York High School Athletic Director John Rutter submitted his resignation to the District 205 School Board on Tuesday, and a team of York coaches, along with Elmhurst's own mayor, are claiming Rutter was forced out of his job.
Mayor Pete DiCianni spoke twice at the District 205 School Board meeting Tuesday. The first time he stood at the podium, he helped congratulate the York Boys Cross Country Team for another state championship.
But the second time he got up to speak, during the public comment period, it was to say that the board needed to pay closer attention to coaching changes at York High School. He said he was speaking as "a father, an alum, a lover of District 205."
DiCianni, who was joined at the podium by York coaches Jim Hedman, Joe Newton, Stan Reddel and Annette Schulte, rattled off the names of nine coaches who are no long coaching or have left York altogether "under the current administration."
"Charlie Kern, Joe Newton's right-hand guy; Bill Lech, former football coach; Terry Clark, another boys football coach; Dave Davis, girls swim coach; Tom Kleinschmidt, boys basketball; Jason Reineke, girls basketball; Bill Sir, Tom Babyar, Dave Williams," DiCianni said. "These are just a few of the coaches who were all recently pushed out of this district. Unfortunately, it looks like our athletic director is being pushed out of the district as well."
Schulte, who is the girls cross country coach, read a letter to the board that was signed by 25 York coaches.
"We, the head coaches at York, are disappointed to hear that our athletic director, John Rutter, has submitted his resignation," she read. "We consider him to be a vital asset to York. He has always exhibited a high level of professionalism in his dealings with us. We can confidently say that he has supported us, our staff, our programs and our athletes consistently as our leader."
The letter asked that the board not approve the resignation until the coaches have time to "consider ways in which we can support him as he has always supported us," Schulte said.
DiCianni suggested that the board has not been paying attention to the coaching changes at York.
"I would really impress upon the board that I think you really have to be watching these particular moves," he said. "It's important that we have the leadership of the coaches."
He used himself as an example.
"I can be the best mayor in the world, but I can only be as good as the employees that we employ at City Hall—it's the policemen, firefighters, the guys that are fixing the streets that really make it happen."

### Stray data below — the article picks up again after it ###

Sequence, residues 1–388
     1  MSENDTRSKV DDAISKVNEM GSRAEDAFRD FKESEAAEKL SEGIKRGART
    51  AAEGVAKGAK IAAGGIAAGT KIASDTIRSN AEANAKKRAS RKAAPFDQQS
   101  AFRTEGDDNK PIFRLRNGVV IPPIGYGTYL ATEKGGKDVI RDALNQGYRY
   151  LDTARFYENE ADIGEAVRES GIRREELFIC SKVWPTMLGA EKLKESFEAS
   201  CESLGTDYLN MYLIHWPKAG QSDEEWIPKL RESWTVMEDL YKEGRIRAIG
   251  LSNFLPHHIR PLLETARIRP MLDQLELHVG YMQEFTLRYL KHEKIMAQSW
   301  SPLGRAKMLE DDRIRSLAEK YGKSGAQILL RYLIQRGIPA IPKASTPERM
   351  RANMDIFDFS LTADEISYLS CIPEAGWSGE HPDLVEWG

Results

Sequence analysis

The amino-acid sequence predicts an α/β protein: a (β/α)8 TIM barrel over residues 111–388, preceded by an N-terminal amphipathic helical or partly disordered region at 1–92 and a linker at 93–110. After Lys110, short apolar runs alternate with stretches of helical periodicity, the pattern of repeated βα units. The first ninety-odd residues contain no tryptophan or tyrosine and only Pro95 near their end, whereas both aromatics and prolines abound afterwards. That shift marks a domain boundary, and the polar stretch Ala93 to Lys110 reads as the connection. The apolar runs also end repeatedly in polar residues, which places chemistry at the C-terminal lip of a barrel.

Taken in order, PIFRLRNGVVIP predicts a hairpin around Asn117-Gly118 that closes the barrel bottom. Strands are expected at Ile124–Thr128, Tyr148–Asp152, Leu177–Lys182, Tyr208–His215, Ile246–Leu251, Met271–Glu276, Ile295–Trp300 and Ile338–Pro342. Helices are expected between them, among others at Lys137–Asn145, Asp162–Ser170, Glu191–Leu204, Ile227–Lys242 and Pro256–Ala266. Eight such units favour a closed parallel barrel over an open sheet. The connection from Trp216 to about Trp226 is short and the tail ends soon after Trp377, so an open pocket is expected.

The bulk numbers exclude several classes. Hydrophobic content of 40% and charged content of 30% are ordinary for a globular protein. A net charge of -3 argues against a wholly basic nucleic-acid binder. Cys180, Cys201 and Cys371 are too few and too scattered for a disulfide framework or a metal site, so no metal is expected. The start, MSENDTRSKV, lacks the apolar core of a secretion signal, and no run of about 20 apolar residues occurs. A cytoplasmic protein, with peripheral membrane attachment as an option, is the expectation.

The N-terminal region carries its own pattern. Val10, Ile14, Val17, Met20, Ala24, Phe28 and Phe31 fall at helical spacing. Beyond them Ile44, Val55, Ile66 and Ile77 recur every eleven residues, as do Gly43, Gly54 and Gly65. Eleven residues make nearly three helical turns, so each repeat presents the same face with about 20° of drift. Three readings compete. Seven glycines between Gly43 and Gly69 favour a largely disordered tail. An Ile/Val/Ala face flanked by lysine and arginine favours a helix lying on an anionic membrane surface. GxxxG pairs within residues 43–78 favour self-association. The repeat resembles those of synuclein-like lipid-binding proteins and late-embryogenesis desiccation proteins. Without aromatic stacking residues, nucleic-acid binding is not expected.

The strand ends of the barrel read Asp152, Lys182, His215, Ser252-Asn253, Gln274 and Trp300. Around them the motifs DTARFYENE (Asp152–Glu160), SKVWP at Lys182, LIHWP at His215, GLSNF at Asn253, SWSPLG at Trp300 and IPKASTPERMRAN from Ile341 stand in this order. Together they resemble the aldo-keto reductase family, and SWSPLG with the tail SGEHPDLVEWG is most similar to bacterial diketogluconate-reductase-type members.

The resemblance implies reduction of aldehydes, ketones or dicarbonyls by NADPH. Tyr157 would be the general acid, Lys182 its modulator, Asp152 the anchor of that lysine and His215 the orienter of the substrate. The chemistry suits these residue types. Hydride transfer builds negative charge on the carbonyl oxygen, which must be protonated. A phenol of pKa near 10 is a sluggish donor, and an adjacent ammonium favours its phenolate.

The School Board unanimously accepted Rutter's resignation as part of its consent agenda later in the meeting. His last day with the district is Dec. 31.
School Board President Jim Collins declined to comment after the meeting on the resignation.
"It's a personnel issue," he said. "He submitted his letter of resignation. That's everything there is."
He also had nothing to say about the mayor's comments.
"We don't respond to public comments," he said.
Superintendent David Pruneau said he appreciated Rutter's service to the School District.
"I really wish John the best," Pruneau said.
York Principal Diana Smith also declined to comment on the resignation—or on the mayor's comments—when contacted after the meeting. But she did say during an interview in late August that coaching changes are often for personal reasons, such as family obligations, a better opportunity at another school or a desire to move to another part of the country.
At the time, she specifically spoke to the resignation of several of the coaches mentioned by DiCianni on Tuesday. With regard to Reinecke and Clarke, she said:
"People look at it and say, 'The swim coach quit, and now the head of girls basketball? What is going on over there?' They don't have anything to do with each other. (Reinecke) had an opportunity for an assistant principalship in Michigan. I talked to the principal there on (Aug. 17) and told him he was gaining a great assistant principal. I'm thrilled for him to be able to go."
As for Bill Lech, she said he left on good terms after seven seasons to be closer to his family.
Smith also said back in August that she would be working with Rutter to get feedback, from parents, students and coaches "to make sure we're running a program that's in everyone's best interest."
An attempt to reach Rutter was not immediately successful.